We had spent a couple of weeks patrolling just west of Gibraltar, and we were sent toward the North Sea for our next exercise. The ETs (electronic technicians) asked permission to perform some overdue maintenance on the radar as we transited on the surface. I was on the bridge standing watch as Officer of the Deck. It was a beautiful blue day, in the main.
The ETs called me and asked if there were any surface ships to use in their testing. I told them that I didn't see any ships, so they decided to use the rain squall far off to the west as a contact to track as they tested the equipment.
After a while they called me back to say that it looked like the squall was going to approach us very closely.
Then a bit later they called to say that the squall was going to hit us in nine minutes.
A race was on. My replacement as OOD was due in nine minutes.
The squall hit in eight minutes. I lost.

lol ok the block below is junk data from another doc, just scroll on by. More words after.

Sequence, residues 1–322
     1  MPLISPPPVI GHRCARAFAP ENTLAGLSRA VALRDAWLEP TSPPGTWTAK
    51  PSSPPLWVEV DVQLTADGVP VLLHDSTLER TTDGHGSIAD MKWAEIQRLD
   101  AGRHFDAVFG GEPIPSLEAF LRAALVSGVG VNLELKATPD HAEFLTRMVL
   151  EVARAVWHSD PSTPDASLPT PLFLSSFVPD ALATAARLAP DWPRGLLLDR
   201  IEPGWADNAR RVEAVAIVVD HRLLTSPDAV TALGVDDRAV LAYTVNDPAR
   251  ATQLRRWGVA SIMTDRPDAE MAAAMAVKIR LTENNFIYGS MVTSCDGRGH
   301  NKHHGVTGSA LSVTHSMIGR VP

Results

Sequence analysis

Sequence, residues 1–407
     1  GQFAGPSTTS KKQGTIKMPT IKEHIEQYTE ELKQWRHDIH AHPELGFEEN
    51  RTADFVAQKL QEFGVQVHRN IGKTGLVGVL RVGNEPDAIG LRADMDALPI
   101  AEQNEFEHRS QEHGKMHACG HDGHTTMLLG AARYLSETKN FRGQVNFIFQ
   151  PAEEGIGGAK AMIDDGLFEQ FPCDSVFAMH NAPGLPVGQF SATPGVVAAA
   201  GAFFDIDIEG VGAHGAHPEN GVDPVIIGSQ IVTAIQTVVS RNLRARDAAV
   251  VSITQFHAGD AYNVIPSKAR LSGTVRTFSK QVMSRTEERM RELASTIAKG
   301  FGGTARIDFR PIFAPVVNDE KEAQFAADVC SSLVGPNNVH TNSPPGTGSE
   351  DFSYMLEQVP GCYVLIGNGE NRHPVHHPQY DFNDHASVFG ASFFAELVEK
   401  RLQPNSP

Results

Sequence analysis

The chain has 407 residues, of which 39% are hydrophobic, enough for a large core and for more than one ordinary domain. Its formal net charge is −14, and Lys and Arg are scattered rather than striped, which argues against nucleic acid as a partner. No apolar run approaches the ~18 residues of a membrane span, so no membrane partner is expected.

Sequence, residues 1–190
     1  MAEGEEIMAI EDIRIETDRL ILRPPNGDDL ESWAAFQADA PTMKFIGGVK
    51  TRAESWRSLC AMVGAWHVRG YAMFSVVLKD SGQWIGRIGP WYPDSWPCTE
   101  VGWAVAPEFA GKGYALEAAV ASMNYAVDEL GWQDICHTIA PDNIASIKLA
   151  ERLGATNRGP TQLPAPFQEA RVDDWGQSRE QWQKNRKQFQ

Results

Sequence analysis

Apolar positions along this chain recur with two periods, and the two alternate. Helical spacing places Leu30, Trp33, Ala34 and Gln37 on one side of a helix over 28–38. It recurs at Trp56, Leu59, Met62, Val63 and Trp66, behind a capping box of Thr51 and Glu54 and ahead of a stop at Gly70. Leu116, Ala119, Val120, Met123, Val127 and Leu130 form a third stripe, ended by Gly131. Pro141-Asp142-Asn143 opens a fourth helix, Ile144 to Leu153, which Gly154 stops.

As a courtesy, it was customary for the off going OOD to call below and describe the weather conditions for the benefit of the oncoming watch standers.
Remember, only three of the eighty crew members had any way of knowing what the weather was like, even when we were running on the surface.
Then I lost again. I called to announce that it was raining and hailing on the bridge. The Executive Officer overheard the announcement, and he ordered me to stay on the bridge until the squall passed. There was no point in having yet another officer get drenched.
I missed lunch. A steward made me a sandwich.